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Asphalt cement


Alternative names

Before asphalt hardens, its liquid form can cause burns to the skin and eyes, it can cause lung damage if inhaled, and it can cause severe internal injury if ingested.

Poisonous Ingredient

  • various industrial solvents
  • various industrial glues
  • tar
  • various hydrocarbons

Where Found

  • various asphalt and tile cements
Note: This list may not be all inclusive.

Symptoms

  • Respiratory
    • Breathing difficulty (from inhalation)
    • Throat swelling (which may also cause breathing difficulty)
  • Eyes, ears, nose, and throat
    • Severe pain in the throat
    • Severe pain or burning in the nose, eyes, ears, lips, or tongue
    • Loss of vision
  • Gastrointestinal
    • Severe abdominal pain
    • Vomiting
    • Burns of the esophagus (food pipe)
    • Vomiting blood
    • Blood in the stool
  • Heart and blood vessels
    • Hypotension (low blood pressure) develops rapidly
    • Collapse
  • Skin
    • Irritation
    • Burn
    • Necrosis (holes) in the skin or underlying tissues
  • Blood
    • Severe change in pH (too much or too little acid in the blood, which leads to damage in all of the body organs)

Home Treatment

Seek emergency medical care immediately. Do NOT induce vomiting!

Before Calling Emergency

Determine the following information:
  • the patient's age, weight, and condition
  • the name of the product
  • the time it was swallowed
  • the amount swallowed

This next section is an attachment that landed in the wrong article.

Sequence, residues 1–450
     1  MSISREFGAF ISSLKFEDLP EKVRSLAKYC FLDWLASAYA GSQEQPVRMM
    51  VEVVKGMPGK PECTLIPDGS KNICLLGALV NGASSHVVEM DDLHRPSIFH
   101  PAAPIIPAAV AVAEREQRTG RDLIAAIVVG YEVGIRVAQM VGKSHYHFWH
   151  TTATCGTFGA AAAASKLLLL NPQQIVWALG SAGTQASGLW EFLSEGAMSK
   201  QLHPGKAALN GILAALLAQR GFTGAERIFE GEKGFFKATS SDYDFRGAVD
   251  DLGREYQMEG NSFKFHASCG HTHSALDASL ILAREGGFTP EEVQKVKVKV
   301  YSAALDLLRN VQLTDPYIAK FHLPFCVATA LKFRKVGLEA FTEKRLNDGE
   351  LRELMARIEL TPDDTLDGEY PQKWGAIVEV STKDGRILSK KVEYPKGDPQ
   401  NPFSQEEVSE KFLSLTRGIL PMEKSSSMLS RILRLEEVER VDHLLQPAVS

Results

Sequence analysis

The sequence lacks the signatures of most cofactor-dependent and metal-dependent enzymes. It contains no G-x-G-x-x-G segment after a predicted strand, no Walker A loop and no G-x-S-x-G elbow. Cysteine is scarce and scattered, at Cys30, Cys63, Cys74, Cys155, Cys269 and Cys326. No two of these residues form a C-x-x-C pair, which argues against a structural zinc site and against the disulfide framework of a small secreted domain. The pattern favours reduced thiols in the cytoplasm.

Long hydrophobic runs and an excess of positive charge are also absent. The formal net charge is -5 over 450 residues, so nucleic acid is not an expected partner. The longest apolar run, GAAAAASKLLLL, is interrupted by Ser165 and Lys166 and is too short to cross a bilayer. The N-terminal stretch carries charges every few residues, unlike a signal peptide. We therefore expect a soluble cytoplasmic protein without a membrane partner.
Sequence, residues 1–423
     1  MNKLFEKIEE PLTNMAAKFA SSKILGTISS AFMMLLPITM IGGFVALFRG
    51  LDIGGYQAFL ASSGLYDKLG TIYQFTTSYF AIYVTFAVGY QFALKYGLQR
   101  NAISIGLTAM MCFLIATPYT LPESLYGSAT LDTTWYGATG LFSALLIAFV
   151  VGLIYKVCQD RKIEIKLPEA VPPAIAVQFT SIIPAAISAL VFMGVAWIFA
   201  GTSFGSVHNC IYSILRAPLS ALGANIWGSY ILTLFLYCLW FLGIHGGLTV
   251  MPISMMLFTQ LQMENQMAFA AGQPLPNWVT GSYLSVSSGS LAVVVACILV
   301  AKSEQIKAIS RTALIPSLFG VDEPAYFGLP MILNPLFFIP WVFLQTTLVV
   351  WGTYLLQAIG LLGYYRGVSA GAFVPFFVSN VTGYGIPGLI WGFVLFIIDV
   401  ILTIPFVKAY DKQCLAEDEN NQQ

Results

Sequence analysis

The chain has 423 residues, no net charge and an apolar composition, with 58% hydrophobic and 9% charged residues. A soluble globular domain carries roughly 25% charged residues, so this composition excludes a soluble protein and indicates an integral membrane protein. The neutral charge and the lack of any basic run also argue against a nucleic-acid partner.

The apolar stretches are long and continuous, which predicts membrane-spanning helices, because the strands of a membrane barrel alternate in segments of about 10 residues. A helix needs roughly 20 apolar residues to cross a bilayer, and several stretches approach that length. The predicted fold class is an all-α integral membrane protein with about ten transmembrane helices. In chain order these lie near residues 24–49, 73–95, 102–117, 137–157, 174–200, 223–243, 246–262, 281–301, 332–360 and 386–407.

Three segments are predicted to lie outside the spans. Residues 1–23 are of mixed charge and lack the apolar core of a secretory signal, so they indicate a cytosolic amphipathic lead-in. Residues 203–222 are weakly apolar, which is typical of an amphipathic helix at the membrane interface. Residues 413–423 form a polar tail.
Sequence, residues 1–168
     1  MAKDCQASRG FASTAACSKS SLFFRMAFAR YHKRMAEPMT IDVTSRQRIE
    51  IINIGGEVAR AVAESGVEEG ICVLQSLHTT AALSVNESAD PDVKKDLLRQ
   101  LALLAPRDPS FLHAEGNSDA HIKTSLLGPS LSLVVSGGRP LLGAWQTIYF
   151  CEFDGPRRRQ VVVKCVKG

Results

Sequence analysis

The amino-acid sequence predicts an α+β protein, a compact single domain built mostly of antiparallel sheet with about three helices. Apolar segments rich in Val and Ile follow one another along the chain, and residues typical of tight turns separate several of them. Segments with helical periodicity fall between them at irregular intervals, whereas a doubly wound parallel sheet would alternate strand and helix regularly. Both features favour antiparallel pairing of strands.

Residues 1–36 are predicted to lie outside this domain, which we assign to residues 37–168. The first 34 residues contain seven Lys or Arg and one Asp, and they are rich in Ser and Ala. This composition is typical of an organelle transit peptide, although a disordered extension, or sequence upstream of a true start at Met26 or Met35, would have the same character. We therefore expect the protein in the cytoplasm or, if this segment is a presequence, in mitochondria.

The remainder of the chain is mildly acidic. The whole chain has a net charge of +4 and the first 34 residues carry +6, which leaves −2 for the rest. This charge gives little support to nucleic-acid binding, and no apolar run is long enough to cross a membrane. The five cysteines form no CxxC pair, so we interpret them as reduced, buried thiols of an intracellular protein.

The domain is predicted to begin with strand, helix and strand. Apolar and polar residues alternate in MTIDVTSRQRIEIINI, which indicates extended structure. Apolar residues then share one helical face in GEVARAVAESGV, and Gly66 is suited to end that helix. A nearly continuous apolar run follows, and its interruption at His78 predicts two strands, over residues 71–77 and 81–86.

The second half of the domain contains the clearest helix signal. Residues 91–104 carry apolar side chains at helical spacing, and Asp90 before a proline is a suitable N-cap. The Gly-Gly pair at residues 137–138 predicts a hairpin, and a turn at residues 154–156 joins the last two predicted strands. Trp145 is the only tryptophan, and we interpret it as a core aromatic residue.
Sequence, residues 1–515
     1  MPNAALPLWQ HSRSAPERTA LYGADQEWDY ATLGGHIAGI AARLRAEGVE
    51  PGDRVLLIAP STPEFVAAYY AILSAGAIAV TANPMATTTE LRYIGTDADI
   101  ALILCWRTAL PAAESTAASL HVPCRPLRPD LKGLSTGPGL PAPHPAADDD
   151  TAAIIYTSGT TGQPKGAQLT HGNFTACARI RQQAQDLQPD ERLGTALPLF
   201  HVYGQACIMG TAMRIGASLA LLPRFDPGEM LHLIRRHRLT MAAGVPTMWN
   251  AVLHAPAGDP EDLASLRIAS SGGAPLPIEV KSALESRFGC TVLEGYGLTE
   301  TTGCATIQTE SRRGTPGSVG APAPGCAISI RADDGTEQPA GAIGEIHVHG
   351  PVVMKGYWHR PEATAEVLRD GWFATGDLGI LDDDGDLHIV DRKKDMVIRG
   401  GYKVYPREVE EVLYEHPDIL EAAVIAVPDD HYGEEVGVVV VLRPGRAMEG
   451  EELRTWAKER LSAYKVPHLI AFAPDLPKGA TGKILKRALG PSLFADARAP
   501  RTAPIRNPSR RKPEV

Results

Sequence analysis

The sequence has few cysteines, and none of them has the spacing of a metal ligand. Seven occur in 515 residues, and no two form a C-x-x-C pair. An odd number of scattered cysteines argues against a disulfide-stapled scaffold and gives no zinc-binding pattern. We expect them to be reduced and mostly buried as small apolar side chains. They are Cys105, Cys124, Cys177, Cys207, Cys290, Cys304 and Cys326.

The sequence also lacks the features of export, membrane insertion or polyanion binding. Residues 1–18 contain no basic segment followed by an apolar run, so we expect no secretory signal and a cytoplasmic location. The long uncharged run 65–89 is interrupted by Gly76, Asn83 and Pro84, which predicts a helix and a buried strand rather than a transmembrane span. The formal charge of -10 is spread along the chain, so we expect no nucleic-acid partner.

Poison Control, or a local emergency number

See Poison Control Centers for telephone numbers and addresses. Bring a product sample with you to the emergency room.

What to expect at the emergency room

Some or all of the following procedures may be performed:

  • For swallowed poison
    • Placement of a tube down the nose and into the stomach (a nasogastric tube, or an NG tube) to wash out the stomach
    • Activated charcoal administration
    • Endoscopy -- the placement of a camera down the throat to see the extent of burns to the esophagus and the stomach
    • Give IV fluids
    • Admission to the hospital
    • Give an antidote
    • Treat the symptoms
  • For inhaled poisons
    • A breathing tube may need to be inserted
    • Oxygen
    • Admission to the hospital or to the intensive care unit
    • Bronchoscopy (inserting a camera down the throat into the airway to evaluate the extent of burns to the airway and lungs)
  • For skin exposure
    • Irrigation (washing of the skin), perhaps every few hours for several days
    • Skin debridement (surgical removal of burned skin)
    • Admission or transfer to a hospital that specializes in burn care

Expectations (prognosis)

With any ingestion or burn, recovery and survival depend on the extent of the damage to organs and the time to treatment. The main toxicity occurs to the skin, lungs, and GI organs.

Update Date: 4/16/2004

Cherlin Johnson, M.D., Department of Emergency Medicine, University of Southern California, Los Angeles, CA. Review provided by VeriMed Healthcare Network.

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Last updated: Tue, 06 Jan 2009 00:20:03 GMT
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